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Box breathing: The Military Secret

In 2012, the New York Times wrote an article, called “The ‘Busy’ Trap”, about how so many of us over-schedule ourselves in order to feel more important or to avoid being alone with our thoughts but our busyness can be self-inflicted. We often take on too much work and other obligations and can let our ambition or drive come before our health.  It’s not as if any of us wants to live like this; it’s something we’re collectively – albeit unknowingly – encouraging each other to do (1).

So, if being too busy – and not challenging ourselves to be more mindful of how we choose to spend our time – is ruining our health, taking time out of our day, even just 2 minutes, to relax, unplug and clear our minds can have enormous benefits.

Box Breathing, otherwise known as Four-Square Breathing or Controlled Breathing, is a great way to reduce stress and to give your mind a break for a few minutes. The Special Forces, public speakers, and surgeons use tactical breathing to help control their thoughts and emotions when faced with challenging situations that obscure their clarity. (2)

HOW DO YOU DO IT?

Box Breathing is a technique where you take slow, deep breaths while counting to four while you breathe in, hold for four, breathe out for four, hold for four.

  • Start by relaxing your whole body and be seated if possible.
  • Sit upright, and then slowly exhale, getting all the oxygen out of your lungs. Really focus on this and be conscious of what you’re doing.
  • Inhale slowly and deeply through your nose to the count of four, very slowly in your head.
  • Feel the coolness of the air you’re breathing in and the way it fills your lungs, one section at a time until they are completely full.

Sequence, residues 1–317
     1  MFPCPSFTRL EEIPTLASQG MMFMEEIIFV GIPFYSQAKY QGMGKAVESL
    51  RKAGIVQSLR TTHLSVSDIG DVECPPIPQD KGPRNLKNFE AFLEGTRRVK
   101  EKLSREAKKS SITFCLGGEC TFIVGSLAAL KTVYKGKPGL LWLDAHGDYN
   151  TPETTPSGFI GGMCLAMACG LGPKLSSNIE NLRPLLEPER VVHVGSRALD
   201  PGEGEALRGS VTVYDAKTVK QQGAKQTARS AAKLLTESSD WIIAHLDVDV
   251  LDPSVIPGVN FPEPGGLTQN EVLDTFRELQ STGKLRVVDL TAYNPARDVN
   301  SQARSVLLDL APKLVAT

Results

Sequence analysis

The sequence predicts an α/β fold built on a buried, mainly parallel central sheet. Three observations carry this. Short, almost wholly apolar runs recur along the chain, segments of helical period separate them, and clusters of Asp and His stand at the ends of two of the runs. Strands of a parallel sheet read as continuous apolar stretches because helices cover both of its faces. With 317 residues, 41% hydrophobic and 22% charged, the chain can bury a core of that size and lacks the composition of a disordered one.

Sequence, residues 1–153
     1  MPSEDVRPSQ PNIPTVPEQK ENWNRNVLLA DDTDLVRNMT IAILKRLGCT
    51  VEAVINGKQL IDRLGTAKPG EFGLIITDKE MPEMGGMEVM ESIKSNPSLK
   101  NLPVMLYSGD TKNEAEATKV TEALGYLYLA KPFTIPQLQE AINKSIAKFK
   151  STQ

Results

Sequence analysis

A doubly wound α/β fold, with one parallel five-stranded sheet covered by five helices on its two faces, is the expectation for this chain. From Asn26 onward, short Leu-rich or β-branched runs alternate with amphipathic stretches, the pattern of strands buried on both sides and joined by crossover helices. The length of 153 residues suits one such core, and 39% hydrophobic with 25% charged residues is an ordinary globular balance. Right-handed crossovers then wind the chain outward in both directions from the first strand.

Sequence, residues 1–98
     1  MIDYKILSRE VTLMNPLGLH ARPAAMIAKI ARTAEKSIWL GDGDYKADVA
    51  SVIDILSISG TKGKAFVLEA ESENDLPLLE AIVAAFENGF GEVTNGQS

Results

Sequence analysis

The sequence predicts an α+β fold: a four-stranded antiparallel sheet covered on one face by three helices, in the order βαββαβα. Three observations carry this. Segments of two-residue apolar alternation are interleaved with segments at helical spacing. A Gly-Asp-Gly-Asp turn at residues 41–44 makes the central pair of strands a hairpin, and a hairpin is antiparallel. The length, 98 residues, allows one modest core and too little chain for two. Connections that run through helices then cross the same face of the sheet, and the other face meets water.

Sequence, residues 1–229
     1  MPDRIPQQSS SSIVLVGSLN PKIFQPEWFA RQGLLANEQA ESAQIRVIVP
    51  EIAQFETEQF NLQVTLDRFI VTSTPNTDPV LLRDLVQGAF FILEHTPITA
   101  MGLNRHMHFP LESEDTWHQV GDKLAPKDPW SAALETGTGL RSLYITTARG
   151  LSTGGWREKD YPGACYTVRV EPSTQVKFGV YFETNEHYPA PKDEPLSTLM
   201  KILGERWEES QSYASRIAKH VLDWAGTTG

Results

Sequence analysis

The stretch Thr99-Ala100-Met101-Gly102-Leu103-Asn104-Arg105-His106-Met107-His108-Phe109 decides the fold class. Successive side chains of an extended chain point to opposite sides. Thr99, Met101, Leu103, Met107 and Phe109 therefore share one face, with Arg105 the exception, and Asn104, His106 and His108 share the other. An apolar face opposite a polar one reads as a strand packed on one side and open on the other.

• Hold your breath for another slow count of four.
  • Exhale through your mouth for the same slow count of four, expelling the air from your lungs and abdomen. Be conscious of the feeling of the air leaving your lungs, how the coolness has become warmth.
  • Then hold your breath for another 4 counts and repeat the whole process again (3).

If you have trouble clearing your thoughts, trying humming in your mind or really focus on the counting.

 

WHEN AND WHERE CAN YOU DO IT?

It’s almost like meditating, and so it works best in a quiet, stress free environment. However if you cannot find a quiet place, it’s something you can easily do with your eyes closed in a quiet spot with your eyes closed, at work or at home or anywhere in between. Give it a go while you’re standing waiting for your kettle to boil, or on the train to work, or in the bathroom before a meeting, or after you park your car, before you head into your office for the day. Repeat your mantra and count to yourself and no one will even notice that you are performing a stress-reduction exercise.

WHY DOES IT WORK?

According to the Mayo Clinic, a medical research clinic in the United States, there is a sufficient amount of evidence to suggest that intentional deep breathing can actually calm and regulate the autonomic nervous system, a system which regulates involuntary body functions like temperature. It can lower blood pressure and provide an almost-immediate sense of calm, and improve your mood. But the benefits of deep breathing also extend beyond in-the-moment stress relief. It’s an exceptional treatment for conditions like generalised anxiety disorder, panic disorder, post-traumatic stress disorder, and depression. It can also help treat insomnia by allowing you to calm your nervous system at night before bed. Box breathing can even help with pain management (4).

References:

  1. https://www.wellandgood.com/good-advice/stop-glorifying-how-busy-you-are/
  2. https://thepreppingguide.com/box-breathing/
  3. https://www.healthline.com/health/box-breathing#tips
  4. https://www.mayoclinic.org/healthy-lifestyle/stress-management/in-depth/decrease-stress-by-using-your-breath/art-20267197?pg=2
  5. https://www.livestrong.com/article/225192-sudarshan-kriya-breathing-technique/
  6. https://opinionator.blogs.nytimes.com/2012/06/30/the-busy-trap/?_r=0

 

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Don’t Believe Everything You Think

Don’t believe everything you think. Thoughts are just that – thoughts” – Allan Lokos, author

Most of us want a mindset that helps us feel good and helps us be productive, kind, helpful and just all-around awesome. But our mindsets are not always an environment of roses and fluffy clouds as we’d like them to be. This is often hard to be aware of and hard to change.

Think of the set in mindset.  It’s rigid, stubborn …. it’s set.

Why does this happen?  It’s a cumulation of past experiences, previous thoughts, relationships, what others have done and said (even as small children), what we’ve seen in the media and what the most important people in our lives have said or done that make up our current mindset. The beliefs, opinions and attitudes that make up our mindset are pretty much hard-wired in us but this hard-wiring can be changed.